How To Deal With Rude Customers

By Indeed Editorial Team

Updated March 9, 2021 | Published January 5, 2021

Updated March 9, 2021

Published January 5, 2021

The Indeed Editorial Team comprises a diverse and talented team of writers, researchers and subject matter experts equipped with Indeed's data and insights to deliver useful tips to help guide your career journey.

Customers can be rude for various reasons, and some are justified and some are not. However, when your primary duty is to provide customer service, you will sometimes encounter angry or rude individuals. How you respond can make the difference between lost customers and satisfied customers. In this article, we discuss how to deal with rude customers.

Ways to deal with rude customers

Here's a look at some of the best ways to deal with rude customers:

Be empathetic

The simplest way to handle rude customers involves using empathy. If you know why customers are being rude, it's the best way to defuse the situation. Ask the customer why they're upset. Once you have identified the issue, establish rapport with the customer by letting them know that you would also be disappointed if the problem was happening to you.

For instance, if a customer complains about the quality of their morning coffee, you can say something like, "I sure wouldn't like to begin my day with a bad cup of coffee!" After that, you can begin trying to solve the problem. This strategy helps the customer realize that they are speaking to a person who understands them and can solve their issue.

Listen actively

Listen closely to what the customer is saying, instead of paying attention to the anger behind their words. If you listen actively to the words they are saying, you can easily determine what's making them so upset and how to resolve the problem, instead of just trying to comfort them and defuse the situation.

For example, say a customer walks into your store and says, "Your product stopped working three days after I bought it. I am really shocked how poorly it's designed." Pay close attention to the words this customer used, particularly the word "shocked." This is how they described their feelings. They are not irate but rather surprised by the quality of your product.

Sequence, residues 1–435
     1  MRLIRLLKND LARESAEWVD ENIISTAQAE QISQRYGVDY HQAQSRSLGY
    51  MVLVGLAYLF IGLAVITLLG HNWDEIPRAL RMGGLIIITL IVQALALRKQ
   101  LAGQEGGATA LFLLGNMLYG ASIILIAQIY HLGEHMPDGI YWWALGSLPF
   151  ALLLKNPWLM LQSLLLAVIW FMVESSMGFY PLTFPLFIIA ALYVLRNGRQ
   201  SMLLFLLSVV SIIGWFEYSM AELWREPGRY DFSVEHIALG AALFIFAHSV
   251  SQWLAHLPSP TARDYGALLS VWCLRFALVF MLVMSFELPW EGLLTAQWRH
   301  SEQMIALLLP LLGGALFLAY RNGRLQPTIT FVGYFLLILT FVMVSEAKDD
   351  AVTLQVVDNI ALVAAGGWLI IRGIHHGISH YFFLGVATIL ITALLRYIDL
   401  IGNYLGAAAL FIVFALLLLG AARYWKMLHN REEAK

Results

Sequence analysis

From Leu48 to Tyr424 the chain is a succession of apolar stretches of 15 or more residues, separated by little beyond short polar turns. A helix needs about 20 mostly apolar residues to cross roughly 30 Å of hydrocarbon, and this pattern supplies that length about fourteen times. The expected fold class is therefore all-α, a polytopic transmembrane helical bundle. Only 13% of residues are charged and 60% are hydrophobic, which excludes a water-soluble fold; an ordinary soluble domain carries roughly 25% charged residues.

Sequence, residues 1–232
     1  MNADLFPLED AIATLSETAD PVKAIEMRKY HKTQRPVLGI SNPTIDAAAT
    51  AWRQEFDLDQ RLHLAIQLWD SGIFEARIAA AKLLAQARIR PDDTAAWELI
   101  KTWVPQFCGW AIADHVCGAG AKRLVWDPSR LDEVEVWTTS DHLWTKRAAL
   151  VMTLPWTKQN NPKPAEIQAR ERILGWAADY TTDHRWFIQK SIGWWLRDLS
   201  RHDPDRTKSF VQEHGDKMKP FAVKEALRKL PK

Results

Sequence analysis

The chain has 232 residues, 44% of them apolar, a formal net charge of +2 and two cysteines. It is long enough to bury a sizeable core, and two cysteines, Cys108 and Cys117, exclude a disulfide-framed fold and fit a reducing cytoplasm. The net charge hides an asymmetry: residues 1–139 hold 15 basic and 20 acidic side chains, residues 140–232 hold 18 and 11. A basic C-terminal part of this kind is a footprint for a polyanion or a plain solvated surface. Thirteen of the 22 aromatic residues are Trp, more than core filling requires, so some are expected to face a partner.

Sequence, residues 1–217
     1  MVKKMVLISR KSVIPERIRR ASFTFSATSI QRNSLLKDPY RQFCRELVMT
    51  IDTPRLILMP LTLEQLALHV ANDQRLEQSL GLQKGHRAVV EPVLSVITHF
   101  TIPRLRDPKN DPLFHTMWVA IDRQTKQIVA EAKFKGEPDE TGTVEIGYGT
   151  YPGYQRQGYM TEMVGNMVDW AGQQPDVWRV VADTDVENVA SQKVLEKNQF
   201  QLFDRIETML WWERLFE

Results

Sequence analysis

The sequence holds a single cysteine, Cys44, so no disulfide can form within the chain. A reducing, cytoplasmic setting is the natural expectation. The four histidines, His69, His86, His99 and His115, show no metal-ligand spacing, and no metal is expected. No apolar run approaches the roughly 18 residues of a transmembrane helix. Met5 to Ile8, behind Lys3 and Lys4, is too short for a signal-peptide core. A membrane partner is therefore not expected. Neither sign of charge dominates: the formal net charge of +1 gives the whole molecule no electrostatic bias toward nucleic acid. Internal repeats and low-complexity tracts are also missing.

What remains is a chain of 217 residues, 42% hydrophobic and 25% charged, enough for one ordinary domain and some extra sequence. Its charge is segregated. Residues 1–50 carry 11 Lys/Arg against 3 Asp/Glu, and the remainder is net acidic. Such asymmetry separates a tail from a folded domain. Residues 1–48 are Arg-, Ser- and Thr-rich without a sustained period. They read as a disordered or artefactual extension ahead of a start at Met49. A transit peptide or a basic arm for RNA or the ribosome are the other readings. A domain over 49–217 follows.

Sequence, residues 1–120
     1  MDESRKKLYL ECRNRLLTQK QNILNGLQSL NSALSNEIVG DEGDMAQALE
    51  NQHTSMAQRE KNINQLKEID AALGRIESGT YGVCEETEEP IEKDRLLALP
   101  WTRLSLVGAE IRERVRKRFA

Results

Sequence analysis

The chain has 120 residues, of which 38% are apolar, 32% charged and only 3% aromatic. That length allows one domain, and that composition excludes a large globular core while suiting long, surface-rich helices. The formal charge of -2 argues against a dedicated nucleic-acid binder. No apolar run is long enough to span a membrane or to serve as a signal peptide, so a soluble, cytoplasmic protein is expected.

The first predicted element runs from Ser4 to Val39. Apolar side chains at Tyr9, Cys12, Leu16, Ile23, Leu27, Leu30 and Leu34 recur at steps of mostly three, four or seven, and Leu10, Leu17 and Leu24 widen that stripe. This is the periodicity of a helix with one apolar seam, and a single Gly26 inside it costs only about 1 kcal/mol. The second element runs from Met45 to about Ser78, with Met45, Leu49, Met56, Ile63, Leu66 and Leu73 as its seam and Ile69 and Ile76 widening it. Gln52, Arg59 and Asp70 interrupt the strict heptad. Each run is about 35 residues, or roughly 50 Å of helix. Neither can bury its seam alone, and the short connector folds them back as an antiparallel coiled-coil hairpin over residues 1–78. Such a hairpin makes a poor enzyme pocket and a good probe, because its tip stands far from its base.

In this case, you may be tempted to respond with something like, "I understand your disappointment." However, notice how this response intensifies the customer's feelings. You are allowing them to go from feeling surprised about the problem of feeling frustrated. Instead, demonstrate active listening by using the same language your customer is using. You can say something like, "That definitely is surprising! Let's check why the product has stopped working unexpectedly." This response recognizes the feelings of the customer without escalating their emotions.

Chunk the issue

Chunking refers to the process of taking one big problem and dividing it into several smaller portions. These small portions are easier to manage and make you more willing to deal with the problem at hand. People usually use chunking to organize their day-to-day tasks. It's equally helpful when dealing with challenging problems.

For example, say a client always has a reason why they cannot set up their account and start using the company's software. You can ask them during your next meeting to help you break down each of the final steps you need to take to get things moving. Chunking each task makes it easier for the client to digest what's left to do.

Related: 5 Effective Conflict Resolution Strategies

Repeat what the customer has said back to them

A fundamental part of active listening is making sure you and the customer are in sync. Thus, once you have identified the root cause of the anger, repeat what the customer has said back to them to make sure you understand each other, and to let them know that their problem has been heard of and will be responded to.

For instance, you can begin by saying, "What I'm hearing is..." and then repeat their vocabulary back to them. If possible, emphasize how the issue is preventing them from achieving their goal. This demonstrates that you not only listened but also understand why they need your help.

Stay calm and stoic